The United States has barred electronic devices like laptops, gaming consoles and tablets like iPads being carried in the passenger cabins of flights heading for the US from certain airports in the Arab world, Turkey and North Africa. The UK has taken similar action. The US may have acted on intelligence that extremists might use such devices to plant bombs. Most people won’t protest if governments act to protect their nations from terror, and while those hit by the ban might cry foul about discrimination, it’s a fact that the biggest threats emanate from such areas. Of course, the UAE and Qatar could have an axe to grind as they suspect a devious US plan to cut their productive airlines to size as they are competing well with American carriers on the trans-Atlantic routes, and the UK hasn’t red-flagged them.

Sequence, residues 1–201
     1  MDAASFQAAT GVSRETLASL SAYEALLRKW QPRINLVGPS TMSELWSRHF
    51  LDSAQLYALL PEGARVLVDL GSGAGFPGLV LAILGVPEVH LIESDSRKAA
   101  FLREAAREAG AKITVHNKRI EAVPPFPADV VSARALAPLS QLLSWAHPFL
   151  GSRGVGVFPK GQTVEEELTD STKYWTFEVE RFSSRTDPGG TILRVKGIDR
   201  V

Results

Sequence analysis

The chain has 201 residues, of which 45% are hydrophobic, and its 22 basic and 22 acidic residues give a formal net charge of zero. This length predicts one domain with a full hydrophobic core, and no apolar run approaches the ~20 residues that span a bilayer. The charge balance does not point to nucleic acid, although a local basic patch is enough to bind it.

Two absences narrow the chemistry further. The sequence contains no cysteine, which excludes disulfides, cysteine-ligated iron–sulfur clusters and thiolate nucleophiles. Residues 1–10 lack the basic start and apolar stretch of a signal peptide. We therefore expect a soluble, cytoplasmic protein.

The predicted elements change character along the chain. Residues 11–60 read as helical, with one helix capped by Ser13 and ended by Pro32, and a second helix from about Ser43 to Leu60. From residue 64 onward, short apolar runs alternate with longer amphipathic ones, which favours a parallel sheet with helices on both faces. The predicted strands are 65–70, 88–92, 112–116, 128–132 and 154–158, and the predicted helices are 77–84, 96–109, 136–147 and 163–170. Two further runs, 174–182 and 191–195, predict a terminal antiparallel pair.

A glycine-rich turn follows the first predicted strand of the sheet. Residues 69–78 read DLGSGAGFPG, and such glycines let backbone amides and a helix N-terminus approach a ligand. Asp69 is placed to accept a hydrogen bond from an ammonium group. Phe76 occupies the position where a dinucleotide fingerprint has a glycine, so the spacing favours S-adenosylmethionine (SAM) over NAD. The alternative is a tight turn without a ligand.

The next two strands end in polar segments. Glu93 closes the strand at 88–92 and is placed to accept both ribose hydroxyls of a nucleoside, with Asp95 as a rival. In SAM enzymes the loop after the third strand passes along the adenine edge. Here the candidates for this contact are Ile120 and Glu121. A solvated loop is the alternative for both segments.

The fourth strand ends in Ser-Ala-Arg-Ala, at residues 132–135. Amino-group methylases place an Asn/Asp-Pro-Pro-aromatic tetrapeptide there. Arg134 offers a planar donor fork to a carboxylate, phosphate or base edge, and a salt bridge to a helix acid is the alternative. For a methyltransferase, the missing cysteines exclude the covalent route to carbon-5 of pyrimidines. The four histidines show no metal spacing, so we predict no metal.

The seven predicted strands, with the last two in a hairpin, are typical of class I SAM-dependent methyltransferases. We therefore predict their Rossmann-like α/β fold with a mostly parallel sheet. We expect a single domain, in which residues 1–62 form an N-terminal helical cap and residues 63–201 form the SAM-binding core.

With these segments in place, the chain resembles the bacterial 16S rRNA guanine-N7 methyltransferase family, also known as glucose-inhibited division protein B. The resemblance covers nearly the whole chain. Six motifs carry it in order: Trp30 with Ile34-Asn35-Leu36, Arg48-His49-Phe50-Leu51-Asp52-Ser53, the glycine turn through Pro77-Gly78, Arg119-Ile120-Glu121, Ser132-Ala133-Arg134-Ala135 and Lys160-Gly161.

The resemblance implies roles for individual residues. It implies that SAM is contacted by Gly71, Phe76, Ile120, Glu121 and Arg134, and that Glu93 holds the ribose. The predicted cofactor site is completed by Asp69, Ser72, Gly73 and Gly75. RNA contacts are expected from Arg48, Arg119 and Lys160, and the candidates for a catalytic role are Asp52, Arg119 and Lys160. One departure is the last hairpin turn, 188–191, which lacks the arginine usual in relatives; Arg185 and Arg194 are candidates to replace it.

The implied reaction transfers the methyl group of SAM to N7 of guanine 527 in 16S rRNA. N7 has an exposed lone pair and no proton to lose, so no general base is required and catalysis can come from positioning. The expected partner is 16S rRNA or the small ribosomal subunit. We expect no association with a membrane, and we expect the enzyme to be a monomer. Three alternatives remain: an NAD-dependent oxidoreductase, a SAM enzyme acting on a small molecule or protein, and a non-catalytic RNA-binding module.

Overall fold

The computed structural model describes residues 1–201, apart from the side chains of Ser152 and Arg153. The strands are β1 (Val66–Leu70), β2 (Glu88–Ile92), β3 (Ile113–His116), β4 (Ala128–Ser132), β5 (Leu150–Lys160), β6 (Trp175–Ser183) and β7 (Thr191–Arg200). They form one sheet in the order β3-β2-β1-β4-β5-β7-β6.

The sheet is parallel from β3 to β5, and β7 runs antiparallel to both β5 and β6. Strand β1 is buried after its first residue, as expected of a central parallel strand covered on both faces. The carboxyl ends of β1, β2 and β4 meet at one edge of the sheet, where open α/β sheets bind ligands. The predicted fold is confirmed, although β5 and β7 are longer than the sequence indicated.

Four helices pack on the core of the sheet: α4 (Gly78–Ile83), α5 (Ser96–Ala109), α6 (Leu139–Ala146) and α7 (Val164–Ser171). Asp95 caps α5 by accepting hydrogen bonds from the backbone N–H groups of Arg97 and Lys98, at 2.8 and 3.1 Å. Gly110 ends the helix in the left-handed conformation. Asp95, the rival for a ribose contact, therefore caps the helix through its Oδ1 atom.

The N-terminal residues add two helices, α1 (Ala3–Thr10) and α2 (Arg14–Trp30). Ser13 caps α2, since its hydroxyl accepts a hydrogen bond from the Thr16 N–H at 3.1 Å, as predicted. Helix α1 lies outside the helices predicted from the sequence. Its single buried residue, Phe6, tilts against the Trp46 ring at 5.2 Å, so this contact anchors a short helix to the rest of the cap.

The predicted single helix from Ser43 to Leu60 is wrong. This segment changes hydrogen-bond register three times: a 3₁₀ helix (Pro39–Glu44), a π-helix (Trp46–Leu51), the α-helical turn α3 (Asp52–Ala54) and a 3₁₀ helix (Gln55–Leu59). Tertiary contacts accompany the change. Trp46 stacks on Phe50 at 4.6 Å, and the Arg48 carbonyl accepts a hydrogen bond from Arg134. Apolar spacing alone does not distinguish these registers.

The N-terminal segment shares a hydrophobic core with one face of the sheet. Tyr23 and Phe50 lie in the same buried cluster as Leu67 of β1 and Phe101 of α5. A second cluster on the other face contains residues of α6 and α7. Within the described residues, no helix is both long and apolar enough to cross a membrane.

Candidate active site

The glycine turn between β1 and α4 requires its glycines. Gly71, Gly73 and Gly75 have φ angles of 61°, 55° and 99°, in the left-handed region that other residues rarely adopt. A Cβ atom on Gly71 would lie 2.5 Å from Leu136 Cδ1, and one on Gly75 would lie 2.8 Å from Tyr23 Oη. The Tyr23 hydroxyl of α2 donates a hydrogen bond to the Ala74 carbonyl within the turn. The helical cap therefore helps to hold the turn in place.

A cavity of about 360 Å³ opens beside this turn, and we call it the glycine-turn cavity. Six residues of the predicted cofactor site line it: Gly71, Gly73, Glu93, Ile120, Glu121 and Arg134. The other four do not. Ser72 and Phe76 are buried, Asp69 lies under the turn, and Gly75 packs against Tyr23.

Ever since 9/11 in 2001, Americans have been paranoid about risks posed by aircraft in the air being used as projectiles or bombs. The more effective airport scanners can pick even a touch of explosive in checked baggage, but passenger-area scanners aren’t that advanced. It has been revealed that the banned devices may “contain all the component parts of an improvised explosion device, except for the detonator and actual explosives, and by adding those elements it might be possible to assemble an IED”. That might explain why smartphones aren’t seen as threats but bigger devices are. Travellers will of course be somewhat inconvenienced, but then no price can be regarded as too heavy to keep everyone safe and thwart the aims of the terrorists.